Ben Affleck was nominated for “Worst Actor of the Decade” at the Razzies. He’s not the worst actor of the decade – or at least, he isn’t anymore. His Nick Dunne is in over his head, he’s not brilliant but he’s not a total idiot either. The audience has to root for Nick at some points and doubt him doubt him at others; Affleck playing those different colours well enough. He also gamely takes jokes about his chin. Rosamund Pike does completely steal the show from him though – in your run of the mill whodunit, the “missing/dead?” wife wouldn’t be playing too big of an active role in the story – but this is not your run of the mill whodunit. The contrast between the wistfully romantic flashbacks (there’s a scene in which Nick and Amy kiss in a “sugar storm” outside a bakery) and the suspenseful, dramatic investigation is effectively jarring as performed by Pike. Amy is not just another “missing white woman”; Pike creating a memorable character in a genre where “the wife” is often, well, “the wife”.


            Affleck and Pike are backed by an excellent supporting cast. The familial bond between Nick and his twin sister Margo is believable and moving thanks to Carrie Coon’s strong turn as the pillar in Nick’s life following his wife’s disappearance. Kim Dickens is the “no-nonsense tough cop” without playing up the stereotypes associated with those character types. Missi Pyle’s sneering daytime TV show host, hurling allegations which the public swallows wholesale, provides biting comic relief. Neil Patrick Harris and Tyler Perry actually don’t play that big a part in the proceedings until around the halfway mark. It might be distracting to some, but the urge to go “hey Barney Stinson/Doogie Howser” or “hey Madea” does quickly die down. This reviewer was honestly worried about that, with Perry in particular, but Perry is sufficiently credible as the affable, astute Tanner Bolt.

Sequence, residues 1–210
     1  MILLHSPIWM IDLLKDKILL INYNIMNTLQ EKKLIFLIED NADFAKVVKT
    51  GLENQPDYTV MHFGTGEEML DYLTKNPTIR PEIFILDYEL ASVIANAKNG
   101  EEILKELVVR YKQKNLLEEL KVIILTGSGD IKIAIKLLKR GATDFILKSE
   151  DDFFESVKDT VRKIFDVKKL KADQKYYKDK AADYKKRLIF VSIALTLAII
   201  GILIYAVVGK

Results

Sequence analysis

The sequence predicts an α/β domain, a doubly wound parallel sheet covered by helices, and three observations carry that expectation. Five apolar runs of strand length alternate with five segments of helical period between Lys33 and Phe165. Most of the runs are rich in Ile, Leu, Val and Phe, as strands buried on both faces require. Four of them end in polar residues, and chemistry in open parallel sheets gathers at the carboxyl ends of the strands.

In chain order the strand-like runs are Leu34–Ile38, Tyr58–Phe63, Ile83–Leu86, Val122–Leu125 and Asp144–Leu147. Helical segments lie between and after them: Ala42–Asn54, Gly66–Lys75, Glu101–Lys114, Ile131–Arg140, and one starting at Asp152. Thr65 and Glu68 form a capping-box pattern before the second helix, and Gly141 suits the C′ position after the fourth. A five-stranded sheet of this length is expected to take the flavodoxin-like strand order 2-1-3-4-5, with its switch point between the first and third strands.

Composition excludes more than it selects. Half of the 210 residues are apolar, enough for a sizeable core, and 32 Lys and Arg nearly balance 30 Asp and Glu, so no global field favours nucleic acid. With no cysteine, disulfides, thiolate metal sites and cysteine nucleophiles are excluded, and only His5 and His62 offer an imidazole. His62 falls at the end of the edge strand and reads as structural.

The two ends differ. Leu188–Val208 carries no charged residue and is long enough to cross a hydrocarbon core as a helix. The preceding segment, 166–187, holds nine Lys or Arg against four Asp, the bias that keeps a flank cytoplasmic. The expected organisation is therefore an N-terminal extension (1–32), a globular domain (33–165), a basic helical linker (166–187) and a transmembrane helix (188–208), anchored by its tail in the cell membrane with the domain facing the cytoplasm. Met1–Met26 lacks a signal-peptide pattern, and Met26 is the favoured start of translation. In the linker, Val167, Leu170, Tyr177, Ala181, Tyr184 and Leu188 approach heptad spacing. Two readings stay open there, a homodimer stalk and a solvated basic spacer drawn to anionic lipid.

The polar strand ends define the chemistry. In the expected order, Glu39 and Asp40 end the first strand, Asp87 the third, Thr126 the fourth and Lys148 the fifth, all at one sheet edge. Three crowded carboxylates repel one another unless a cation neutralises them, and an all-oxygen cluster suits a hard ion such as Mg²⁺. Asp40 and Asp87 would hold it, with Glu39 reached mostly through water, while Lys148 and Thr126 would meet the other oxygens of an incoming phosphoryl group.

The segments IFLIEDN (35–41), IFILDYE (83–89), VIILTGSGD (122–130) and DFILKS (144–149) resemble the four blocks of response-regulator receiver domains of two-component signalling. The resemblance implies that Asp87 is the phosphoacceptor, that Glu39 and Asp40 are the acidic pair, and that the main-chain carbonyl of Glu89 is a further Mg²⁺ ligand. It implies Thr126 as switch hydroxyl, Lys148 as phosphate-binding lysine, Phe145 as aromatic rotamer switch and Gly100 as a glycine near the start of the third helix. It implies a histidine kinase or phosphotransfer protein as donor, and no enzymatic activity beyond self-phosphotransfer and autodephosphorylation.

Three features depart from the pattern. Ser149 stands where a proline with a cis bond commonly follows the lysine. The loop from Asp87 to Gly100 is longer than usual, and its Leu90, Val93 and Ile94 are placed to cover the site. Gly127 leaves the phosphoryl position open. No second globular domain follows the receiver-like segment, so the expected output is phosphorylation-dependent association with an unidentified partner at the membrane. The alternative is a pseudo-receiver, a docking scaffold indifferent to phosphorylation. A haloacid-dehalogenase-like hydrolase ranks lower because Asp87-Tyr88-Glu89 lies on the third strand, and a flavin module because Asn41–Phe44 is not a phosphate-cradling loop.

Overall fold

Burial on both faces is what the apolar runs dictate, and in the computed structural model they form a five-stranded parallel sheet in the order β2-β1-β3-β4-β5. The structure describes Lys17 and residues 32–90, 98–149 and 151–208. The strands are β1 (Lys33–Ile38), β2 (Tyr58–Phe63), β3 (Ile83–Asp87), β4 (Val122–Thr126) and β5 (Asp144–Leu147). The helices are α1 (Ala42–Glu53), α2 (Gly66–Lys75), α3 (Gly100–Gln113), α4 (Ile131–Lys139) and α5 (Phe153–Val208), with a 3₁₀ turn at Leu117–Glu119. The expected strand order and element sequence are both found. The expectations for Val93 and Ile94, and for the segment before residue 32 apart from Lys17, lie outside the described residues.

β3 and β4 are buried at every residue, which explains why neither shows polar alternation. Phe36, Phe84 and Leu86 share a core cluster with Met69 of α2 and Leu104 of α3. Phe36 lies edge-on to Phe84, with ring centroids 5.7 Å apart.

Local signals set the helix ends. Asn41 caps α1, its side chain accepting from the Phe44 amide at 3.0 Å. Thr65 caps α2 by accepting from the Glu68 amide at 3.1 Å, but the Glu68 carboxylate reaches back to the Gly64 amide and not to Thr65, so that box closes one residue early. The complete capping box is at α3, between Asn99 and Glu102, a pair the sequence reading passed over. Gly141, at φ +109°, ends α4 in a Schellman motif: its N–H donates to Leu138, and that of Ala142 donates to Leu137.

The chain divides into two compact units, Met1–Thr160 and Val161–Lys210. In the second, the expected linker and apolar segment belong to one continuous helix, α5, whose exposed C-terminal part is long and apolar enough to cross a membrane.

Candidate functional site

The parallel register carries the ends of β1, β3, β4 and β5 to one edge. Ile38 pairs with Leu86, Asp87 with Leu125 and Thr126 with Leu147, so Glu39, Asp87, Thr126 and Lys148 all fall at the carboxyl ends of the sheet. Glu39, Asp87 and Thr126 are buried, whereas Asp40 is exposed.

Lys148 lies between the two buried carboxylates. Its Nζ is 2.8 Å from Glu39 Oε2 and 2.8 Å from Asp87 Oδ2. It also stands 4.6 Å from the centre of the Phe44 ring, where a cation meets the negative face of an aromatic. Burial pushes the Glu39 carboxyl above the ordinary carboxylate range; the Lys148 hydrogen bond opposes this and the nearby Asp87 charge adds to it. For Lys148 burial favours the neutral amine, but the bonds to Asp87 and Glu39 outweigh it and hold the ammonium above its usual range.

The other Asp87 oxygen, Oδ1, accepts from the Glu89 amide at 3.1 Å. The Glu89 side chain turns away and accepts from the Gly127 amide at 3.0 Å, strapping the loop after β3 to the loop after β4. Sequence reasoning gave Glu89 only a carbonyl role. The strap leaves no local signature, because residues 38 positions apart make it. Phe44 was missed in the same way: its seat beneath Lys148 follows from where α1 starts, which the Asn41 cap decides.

As with just about all of David Fincher’s films, the atmospherics click right into place. Trent Reznor and Atticus Ross deliver an ominous score that rears its head at just the right moments and this marks yet another visually-arresting partnership between Fincher and his regular cinematographer Jeff Cronenweth. Editor Kirk Baxter also includes some interesting flourishes, such as a scene which cuts from Nick and Amy about to kiss in a flashback to Nick getting his cheek swabbed at the police station. The ending will probably be infuriating for many viewers, but we think it’s far from the cop-out it could’ve been. After all, some of the best stories have pretty “infuriating” endings.

Summary: Gone Girlwill pull you in, spin you around and leave you completely hypnotized. With Gillian Flynn’s razor-sharp screenplay and some terrific performances, Fincher has yet another winner on his hands.
RATING: 4.5 out of 5 Stars
Jedd Jong